Summary: Between running her Manhattan yarn shop, Walker & Daughter, and raising her 12-year-old biracial daughter, Dakota, Georgia Walker has plenty on her plate in Jacobs's debut novel. But when Dakota's father reappears and a former friend contacts Georgia, Georgia's orderly existence begins to unravel. Her support system is her staff and the knitting club that meets at her store every Friday night, though each person has dramas of her own brewing. Jacobs surveys the knitters' histories, and the novel's pace crawls as the novel lurches between past and present, the latter largely occupied by munching on baked goods, sipping coffee and watching the knitters size each other up. Club members' troubles don't intersect so much as build on common themes of domestic woes and betrayal. It takes a while, but when Jacobs, who worked at Redbook and Working Woman, hits her storytelling stride, poignant twists propel the plot and help the pacing find a pleasant rhythm.~amazon.com/Publisher's Weekly

Review: I picked up The Friday Night Knitting Club based on a bunch of great reviews in the blogging world and I wasn't disappointed. I don't knit and don't think that you have to, to enjoy the book. My aunt knits and I've been to the knit shop that she buys her supplies from many times and that's what I kept picturing in my head while reading. I liked the fact that Ms. Jacobs had an inter-racial relationship as one of the main focuses in the book; although I feel like she could have explored the issues that a bi-racial child would face a little more, but there's only so much you can write about in one book. She also brings up the issues a bi-racial couple would encounter but then drops them with an easy out in my opinion. I enjoyed all the characters in the book but didn't fall in love with any of them. I liked how Ms. Jacobs let each female's story be told over time, you didn't get the full story at once. What I thought was great was how the only thing that these women had in common at first was knitting but that it developed into much more over the course of the book. You can bond over one thing and find out that your have so much else in common. I have a few friends that has happened with and it's wonderful to discover friendships in places you wouldn't have guessed.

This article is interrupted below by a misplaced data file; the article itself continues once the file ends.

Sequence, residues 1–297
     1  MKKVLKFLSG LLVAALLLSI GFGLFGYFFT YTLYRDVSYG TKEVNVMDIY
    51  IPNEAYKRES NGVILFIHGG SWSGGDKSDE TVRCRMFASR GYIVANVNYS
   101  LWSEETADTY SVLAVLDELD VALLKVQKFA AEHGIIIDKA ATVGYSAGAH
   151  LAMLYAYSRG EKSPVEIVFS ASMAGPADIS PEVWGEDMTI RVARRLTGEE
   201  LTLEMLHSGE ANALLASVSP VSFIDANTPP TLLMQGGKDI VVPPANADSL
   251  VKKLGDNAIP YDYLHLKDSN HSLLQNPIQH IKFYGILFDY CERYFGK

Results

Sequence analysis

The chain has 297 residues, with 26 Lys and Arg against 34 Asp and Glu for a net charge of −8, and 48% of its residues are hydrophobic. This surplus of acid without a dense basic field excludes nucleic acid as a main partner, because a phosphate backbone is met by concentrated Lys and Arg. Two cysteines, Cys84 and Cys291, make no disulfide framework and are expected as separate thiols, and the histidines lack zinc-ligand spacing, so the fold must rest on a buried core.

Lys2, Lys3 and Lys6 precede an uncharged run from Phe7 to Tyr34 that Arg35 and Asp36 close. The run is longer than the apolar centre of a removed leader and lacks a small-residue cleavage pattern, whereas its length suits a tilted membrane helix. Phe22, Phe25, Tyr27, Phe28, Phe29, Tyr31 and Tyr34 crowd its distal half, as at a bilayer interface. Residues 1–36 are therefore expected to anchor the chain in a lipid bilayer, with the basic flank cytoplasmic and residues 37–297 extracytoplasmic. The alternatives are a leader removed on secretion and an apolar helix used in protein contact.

I felt like the book's ending was rushed and, while I was satisfied with the ending, I think there could have been more to the story. I thought Cat's storyline wrapped up too nice and neat for the struggles someone in her situation might have happen to them. I enjoyed the style in which Ms. Jacobs wrote the novel and how knitting was central in the beginning of every chapter and even used knitting needles to separate breaks in the chapter. I thought that was quite clever.

SPOILER: My problem with books like this is that they bring in the big "C" and have a main character die from it. What would be more interesting and inspirational is if the person survived and how it changes their life. I know that the statistics for Ovarian cancer aren't very
favorable but I also do know people survive it too.

Overall the book is a great testament to female friendships and the things that bind us together.